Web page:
These KIQs provide a lens to view and filter the information. They are designed to process the information to pinpoint insights that can support a business decision.
KIQs are not supposed to be static. These should be regularly reviewed with the internal stakeholders and updated to remain relevant in constantly evolving market conditions.
Relevant KIQs are essential to ensure your M&CI program remains relevant in the changing market landscape, thereby maintaining its strategic relevance and effectiveness for your stakeholders.
Identify market participants to track
Depending on your internal stakeholders and KIQs, you should identify relevant market participants and categorize them for easy analysis.
All competitors are not equal. You should categorize them to develop a granular understanding of the market landscape.
- Direct Competitors: These are competitors offering products or services that are essentially the same as yours. They target the same customer base and fulfill the same needs.
- Indirect Competitors: These competitors offer products or services that are not the same but could satisfy the same customer need or solve the same problem.
- Emerging Competitors: These are new entrants in the market who may not pose an immediate threat but have the potential to become significant players.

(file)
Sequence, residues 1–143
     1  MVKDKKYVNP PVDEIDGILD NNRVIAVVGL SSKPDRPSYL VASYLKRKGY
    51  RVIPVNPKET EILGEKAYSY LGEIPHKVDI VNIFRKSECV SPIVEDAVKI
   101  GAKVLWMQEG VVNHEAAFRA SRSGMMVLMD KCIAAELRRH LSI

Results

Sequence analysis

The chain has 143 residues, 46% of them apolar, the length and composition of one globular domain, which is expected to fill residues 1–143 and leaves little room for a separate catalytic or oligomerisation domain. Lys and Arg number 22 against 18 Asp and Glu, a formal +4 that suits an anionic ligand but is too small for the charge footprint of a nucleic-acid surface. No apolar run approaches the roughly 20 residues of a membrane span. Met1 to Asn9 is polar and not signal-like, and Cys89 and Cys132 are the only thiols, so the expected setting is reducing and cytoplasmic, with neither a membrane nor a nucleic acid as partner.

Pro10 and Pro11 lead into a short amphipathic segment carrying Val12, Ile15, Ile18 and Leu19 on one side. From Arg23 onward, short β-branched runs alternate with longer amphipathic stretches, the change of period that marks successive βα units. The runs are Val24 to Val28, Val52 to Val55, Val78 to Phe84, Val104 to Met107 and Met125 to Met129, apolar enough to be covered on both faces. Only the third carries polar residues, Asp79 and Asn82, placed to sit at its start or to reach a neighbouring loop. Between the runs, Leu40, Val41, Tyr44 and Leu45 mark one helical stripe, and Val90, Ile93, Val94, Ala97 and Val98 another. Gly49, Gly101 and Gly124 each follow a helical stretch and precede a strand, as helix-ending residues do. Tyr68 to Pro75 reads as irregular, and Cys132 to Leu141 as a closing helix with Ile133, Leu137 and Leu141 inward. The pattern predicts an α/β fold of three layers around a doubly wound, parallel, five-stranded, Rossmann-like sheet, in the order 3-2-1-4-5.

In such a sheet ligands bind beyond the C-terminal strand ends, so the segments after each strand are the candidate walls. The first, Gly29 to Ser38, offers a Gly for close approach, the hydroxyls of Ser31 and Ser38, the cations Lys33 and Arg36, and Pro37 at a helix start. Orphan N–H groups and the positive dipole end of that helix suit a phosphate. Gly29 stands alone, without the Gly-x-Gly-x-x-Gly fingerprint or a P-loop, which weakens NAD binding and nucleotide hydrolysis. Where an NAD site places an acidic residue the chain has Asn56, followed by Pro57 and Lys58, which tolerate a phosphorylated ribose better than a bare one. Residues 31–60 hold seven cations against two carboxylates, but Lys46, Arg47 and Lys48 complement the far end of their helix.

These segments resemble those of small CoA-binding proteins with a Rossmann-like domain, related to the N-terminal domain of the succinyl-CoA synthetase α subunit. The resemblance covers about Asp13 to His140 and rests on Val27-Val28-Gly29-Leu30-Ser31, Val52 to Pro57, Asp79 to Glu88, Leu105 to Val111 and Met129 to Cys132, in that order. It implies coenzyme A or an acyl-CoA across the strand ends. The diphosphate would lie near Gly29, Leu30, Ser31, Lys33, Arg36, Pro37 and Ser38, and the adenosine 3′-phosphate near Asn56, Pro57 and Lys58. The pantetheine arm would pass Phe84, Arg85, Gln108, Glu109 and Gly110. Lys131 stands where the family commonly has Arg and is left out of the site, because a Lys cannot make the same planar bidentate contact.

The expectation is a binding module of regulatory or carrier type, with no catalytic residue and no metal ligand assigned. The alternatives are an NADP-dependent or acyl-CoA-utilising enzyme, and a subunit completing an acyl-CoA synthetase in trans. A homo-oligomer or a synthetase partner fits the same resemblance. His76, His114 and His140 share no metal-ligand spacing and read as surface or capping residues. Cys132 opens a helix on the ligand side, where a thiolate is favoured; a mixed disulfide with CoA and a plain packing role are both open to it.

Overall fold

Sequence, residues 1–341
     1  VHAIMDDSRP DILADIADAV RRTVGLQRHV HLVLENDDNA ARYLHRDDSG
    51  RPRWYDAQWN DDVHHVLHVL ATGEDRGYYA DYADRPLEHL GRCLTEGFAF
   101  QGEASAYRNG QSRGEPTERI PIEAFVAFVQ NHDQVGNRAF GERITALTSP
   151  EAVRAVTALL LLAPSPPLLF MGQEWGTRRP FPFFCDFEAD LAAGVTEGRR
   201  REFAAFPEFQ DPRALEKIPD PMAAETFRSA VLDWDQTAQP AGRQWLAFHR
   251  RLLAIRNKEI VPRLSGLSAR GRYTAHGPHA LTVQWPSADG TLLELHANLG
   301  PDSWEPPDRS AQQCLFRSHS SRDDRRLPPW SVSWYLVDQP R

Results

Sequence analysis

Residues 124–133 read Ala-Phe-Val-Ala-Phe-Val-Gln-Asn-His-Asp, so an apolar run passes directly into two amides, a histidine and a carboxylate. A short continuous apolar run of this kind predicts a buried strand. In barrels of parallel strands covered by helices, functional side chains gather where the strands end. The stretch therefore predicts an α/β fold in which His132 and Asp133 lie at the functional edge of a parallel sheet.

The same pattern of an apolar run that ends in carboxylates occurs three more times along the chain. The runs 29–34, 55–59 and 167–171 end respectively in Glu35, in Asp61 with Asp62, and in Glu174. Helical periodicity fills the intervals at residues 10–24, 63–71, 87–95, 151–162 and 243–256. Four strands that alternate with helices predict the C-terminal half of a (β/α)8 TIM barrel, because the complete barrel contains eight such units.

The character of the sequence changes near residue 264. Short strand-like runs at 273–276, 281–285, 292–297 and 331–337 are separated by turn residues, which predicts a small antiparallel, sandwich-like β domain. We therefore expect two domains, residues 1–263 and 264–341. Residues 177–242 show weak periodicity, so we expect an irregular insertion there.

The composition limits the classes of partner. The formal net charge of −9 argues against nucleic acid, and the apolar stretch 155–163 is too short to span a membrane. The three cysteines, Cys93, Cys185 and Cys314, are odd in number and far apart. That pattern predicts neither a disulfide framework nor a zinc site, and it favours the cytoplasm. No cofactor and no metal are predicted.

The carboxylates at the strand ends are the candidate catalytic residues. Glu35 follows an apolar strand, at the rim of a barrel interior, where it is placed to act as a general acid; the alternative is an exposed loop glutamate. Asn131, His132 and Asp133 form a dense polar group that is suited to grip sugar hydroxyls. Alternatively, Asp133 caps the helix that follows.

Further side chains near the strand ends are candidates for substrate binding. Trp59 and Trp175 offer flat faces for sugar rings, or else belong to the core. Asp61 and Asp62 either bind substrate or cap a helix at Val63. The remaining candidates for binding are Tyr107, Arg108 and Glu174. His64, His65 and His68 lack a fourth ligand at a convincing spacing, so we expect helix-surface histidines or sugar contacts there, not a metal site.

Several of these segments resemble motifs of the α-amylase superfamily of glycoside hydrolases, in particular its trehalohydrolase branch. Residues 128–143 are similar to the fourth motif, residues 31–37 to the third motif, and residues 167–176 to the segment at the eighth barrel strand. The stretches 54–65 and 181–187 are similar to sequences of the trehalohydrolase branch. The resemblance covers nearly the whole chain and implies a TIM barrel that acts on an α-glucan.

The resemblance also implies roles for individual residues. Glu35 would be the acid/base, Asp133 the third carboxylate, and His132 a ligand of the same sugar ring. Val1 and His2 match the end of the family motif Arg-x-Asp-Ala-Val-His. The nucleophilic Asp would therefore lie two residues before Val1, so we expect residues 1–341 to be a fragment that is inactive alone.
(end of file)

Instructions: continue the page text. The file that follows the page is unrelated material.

- Niche Competitors: These competitors specialize in a particular market segment and may have a stronghold in that niche.
- Regional Competitors: Competitors who operate only in certain geographical areas, which might overlap with your market.
Understanding competition is important; however, an in-depth understanding of a market landscape goes beyond mere listing competitors. You need to identify and understand other market participants, such as:
- Key Customers: Your major clients who significantly contribute to your revenue. They can include both long-standing customers and high-potential new clients.
- Strategic Partners: Entities with whom you form alliances or partnerships. These can be other businesses, academic institutions, or research organizations that complement or enhance your offerings.
- Suppliers and Vendors: Companies that supply you with necessary goods or services. Your dependency on them and their industry position can significantly impact your business.
- Regulators and Governing Bodies: Government and regulatory agencies that enforce laws and regulations affecting your industry. Industry Thought Leaders and Influencers: Individuals or organizations that shape industry trends, standards, and best practices. They can influence customer preferences and industry direction.
- Investors and Financial Stakeholders: Entities that provide capital or have a financial stake in your company.
- Distributors and Retailers: Channels through which your products reach the market. They play a crucial role in your product's market presence and accessibility.
- Trade Associations and Industry Groups: Organizations that represent the collective interests of companies within your industry, often providing resources, networking opportunities, and lobbying efforts.